Then reason safely with you.-Therefore, be it
known,

As to us, to all the world, that Caius Marcius
Wears this war's garland: in token of the which,
My noble steed, known to the camp, I give him,
With all his trim belonging; and from this time,
For what he did before Corioli, call him,
With all the applause and clamour of the host,
CAIUS MARCIUS CORIOLANUS !-Bear
The addition nobly ever!

[Flourish. Trumpets sound, and drums. ALL. Caius Marcius Coriolanus ! COR. I will go wash;

And when my face is fair, you shall perceive
Whether I blush, or no: howbeit I thank you :--
I mean to stride your steed; and at all times,
To undercrest your good addition
To the fairness of my power.
COM.

So, to our tent;
Where, ere we do repose us, we will write
To Rome of our success.-You, Titus Lartius,
Must to Corioli back: send us to Rome
The best, with whom we may articulate,
For their own good and ours.
LART.
I shall, my lord.
COR. The gods begin to mock me. I that now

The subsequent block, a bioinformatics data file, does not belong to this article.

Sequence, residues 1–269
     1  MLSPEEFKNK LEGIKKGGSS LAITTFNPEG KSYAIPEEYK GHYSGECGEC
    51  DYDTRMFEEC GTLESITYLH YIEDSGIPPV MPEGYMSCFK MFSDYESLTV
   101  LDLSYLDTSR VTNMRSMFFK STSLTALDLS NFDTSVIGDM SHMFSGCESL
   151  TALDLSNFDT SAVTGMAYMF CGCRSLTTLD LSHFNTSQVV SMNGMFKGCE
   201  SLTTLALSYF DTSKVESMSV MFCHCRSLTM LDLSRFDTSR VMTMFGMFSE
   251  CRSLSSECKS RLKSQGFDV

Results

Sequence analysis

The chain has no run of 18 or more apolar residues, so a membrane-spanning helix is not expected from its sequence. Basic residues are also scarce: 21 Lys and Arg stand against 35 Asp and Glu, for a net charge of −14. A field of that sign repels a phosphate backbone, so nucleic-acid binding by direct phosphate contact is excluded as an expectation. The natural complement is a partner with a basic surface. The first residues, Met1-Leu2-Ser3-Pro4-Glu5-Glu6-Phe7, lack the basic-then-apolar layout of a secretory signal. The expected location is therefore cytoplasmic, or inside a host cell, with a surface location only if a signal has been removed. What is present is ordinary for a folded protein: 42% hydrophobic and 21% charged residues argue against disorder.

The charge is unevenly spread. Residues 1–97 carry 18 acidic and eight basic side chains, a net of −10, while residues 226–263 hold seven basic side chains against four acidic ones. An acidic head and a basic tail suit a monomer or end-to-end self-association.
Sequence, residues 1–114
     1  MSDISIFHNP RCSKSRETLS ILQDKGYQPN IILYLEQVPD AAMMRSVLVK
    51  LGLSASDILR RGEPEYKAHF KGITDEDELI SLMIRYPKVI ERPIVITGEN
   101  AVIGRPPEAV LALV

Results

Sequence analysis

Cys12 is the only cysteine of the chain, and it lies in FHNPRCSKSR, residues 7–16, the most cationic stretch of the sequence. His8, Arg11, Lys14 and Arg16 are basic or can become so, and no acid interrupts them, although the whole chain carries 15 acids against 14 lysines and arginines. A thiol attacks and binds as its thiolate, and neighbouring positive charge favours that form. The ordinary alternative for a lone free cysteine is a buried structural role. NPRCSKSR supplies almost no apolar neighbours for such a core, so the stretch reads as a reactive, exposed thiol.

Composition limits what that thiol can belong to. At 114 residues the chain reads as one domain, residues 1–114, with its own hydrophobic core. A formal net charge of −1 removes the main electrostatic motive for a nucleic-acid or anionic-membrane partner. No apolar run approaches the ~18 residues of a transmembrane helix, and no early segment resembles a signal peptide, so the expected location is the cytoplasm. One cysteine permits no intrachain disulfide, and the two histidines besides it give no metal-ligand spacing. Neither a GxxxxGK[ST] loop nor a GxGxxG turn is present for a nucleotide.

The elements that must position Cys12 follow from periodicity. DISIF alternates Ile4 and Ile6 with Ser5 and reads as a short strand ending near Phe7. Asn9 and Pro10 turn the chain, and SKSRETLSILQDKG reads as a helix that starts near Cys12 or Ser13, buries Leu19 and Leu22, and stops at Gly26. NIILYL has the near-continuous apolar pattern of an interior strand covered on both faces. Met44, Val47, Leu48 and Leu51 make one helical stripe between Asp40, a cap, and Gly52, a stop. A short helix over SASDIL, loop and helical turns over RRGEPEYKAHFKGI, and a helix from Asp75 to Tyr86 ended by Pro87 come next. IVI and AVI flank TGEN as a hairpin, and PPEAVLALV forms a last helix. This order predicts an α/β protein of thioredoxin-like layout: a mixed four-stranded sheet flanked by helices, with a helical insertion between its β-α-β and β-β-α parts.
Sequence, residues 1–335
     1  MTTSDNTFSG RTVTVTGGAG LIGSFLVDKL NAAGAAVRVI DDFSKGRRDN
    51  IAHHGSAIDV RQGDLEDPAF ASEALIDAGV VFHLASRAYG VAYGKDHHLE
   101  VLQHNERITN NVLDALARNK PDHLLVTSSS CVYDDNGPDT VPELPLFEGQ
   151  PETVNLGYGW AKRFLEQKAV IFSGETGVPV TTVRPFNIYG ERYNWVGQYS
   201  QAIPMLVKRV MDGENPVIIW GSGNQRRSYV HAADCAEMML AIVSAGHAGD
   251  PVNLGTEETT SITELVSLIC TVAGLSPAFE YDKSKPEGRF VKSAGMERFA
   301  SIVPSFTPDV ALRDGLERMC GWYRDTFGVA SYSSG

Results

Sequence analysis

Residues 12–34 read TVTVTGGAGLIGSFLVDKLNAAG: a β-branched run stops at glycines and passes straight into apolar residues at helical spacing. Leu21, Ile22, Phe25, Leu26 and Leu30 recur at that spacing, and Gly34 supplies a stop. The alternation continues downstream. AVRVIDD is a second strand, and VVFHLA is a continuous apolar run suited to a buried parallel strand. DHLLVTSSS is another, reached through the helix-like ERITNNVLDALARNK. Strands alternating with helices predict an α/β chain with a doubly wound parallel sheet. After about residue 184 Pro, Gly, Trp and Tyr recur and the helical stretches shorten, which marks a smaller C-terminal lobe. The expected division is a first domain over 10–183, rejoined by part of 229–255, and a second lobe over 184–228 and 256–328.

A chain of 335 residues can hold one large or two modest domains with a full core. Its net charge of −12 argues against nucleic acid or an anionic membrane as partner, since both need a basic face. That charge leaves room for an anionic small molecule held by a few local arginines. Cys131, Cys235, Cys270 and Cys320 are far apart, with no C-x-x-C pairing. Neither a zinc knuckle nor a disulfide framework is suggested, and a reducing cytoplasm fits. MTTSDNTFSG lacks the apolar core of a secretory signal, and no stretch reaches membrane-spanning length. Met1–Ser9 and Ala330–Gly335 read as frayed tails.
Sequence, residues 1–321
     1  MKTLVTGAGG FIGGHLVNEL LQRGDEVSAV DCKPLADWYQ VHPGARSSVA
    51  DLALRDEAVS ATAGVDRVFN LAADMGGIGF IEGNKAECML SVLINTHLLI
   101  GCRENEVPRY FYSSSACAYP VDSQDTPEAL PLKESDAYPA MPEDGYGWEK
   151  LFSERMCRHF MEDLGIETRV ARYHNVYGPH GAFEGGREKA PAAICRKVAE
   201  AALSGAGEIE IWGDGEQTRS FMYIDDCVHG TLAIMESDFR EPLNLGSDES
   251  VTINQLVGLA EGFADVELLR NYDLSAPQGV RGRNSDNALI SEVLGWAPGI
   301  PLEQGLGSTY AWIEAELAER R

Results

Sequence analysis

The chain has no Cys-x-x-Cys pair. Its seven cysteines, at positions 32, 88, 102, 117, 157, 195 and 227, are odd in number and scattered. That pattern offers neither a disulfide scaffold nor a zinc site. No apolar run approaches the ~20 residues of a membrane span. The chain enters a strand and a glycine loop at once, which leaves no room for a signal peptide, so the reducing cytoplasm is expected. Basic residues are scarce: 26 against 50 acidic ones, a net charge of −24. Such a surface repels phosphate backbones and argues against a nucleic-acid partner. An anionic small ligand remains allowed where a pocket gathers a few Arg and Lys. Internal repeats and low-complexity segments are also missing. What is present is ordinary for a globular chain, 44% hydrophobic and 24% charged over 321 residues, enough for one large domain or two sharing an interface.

Refus'd most princely gifts, am bound to beg
Of my lord general.

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Pray now, no more: my mother, I am weary; yea, my memory is tir'd.Who has a charter to extol her blood, Have we no wine here? When she does praise me, grieves me. I have done COM. Go we to our tent: As you have done,-that's what I can; induc'd The blood upon your visage dries; 'tis time As you have been,-that's for my country: It should be look'd to: come. He that has but effected his good will, Hath overta'en mine act.

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To hear themselves remember'd.
COM.

Should they not,
Well might they fester 'gainst ingratitude,
And tent themselves with death. Of all the horses,
(Whereof we have ta'en good, and good store) of all
The treasure in this field achiev'd and city,
We render you the tenth; to be ta'en forth,
Before the common distribution,
At your only choice.
MAR.

I thank you, general;
But cannot make my heart consent to take